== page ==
Email updates

Keep up to date with the latest news and content from BMC Public Health and BioMed Central.

Open Access Research article

Be smart against cancer! A school-based program covering cancer-related risk behavior

Friederike Stölzel1*, Nadja Seidel1, Stefan Uhmann2, Michael Baumann1, Hendrik Berth3, Jürgen Hoyer2 and Gerhard Ehninger1

Author Affiliations

1 University Cancer Center at the University Hospital Carl Gustav Carus Dresden, Fetscherstraße 74, 01307 Dresden, Germany

2 TU Dresden, Department of Clinical Psychology and Psychotherapy, Hohe Straße 53, 01187 Dresden, Germany

3 TU Dresden, Medical Faculty, Medical Psychology, Fetscherstraße 74, 01307 Dresden, Germany

For all author emails, please log on.

BMC Public Health 2014, 14:392  doi:10.1186/1471-2458-14-392

Published: 23 April 2014

Abstract

Background

Several studies suggest that most school-age children are poorly informed about cancer risk factors. This study examines the effectiveness of the ‘Be smart against cancer’ (BSAC) program in promoting cancer awareness and intentions to engage in health-promoting behavior.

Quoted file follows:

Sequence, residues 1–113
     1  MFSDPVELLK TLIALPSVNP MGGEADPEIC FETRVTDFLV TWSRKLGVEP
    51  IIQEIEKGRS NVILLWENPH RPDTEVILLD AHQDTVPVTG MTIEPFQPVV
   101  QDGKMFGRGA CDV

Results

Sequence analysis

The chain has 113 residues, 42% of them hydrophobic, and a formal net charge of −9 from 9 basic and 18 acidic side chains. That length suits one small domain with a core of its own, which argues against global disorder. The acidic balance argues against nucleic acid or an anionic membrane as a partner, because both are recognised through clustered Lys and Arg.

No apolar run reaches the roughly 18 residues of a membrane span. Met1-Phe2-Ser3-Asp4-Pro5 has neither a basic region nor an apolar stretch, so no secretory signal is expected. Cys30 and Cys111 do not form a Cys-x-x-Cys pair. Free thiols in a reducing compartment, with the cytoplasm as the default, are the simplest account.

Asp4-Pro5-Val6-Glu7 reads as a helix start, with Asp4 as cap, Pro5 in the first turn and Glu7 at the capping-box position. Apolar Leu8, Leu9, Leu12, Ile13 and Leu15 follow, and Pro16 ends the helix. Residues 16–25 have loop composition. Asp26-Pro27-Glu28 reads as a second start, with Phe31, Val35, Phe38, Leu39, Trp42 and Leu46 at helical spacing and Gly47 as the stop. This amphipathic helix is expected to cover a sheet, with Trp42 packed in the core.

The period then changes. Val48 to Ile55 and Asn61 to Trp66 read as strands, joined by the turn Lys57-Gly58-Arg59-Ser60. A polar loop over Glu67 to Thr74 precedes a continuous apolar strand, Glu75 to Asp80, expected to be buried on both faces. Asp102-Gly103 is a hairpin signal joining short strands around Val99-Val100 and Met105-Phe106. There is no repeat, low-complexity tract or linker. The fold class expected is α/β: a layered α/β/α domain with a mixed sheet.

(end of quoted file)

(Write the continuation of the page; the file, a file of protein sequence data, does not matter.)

Methods

235 seventh-grade students were randomized to either the intervention (N = 152) or the wait-control group (N = 83). The intervention included the modules: “What is cancer?,” “Sun protection,” “Non smoking,” and “Physical activity, Healthy nutrition, and Limited alcohol consumption.” Outcomes measured at baseline and at the end of the one week BSAC program included knowledge of cancer and its behavioral risk factors, health-promoting intentions, and reported risk behavior.

Results

BSAC was effective in increasing knowledge about cancer and risk factors for cancer (p < .001), as well as in increasing intentions to engage in health-promoting behavior (p < .001), independent of a student’s risk profile. Knowledge did not serve as a mediator for intention building.

Conclusions

The BSAC is an effective school-based program for raising awareness of cancer, associated risk factors and intentions to engage in cancer-preventive behavior. The results indicate that the effectiveness of BSAC is independent of a student’s risk profile. Therefore, it holds considerable promise as a broadly applicable program to raise cancer awareness and promote healthy behavior intentions.

Keywords:
Adolescence; Cancer prevention; School-based health promotion; Health protective behavior; Outcome evaluation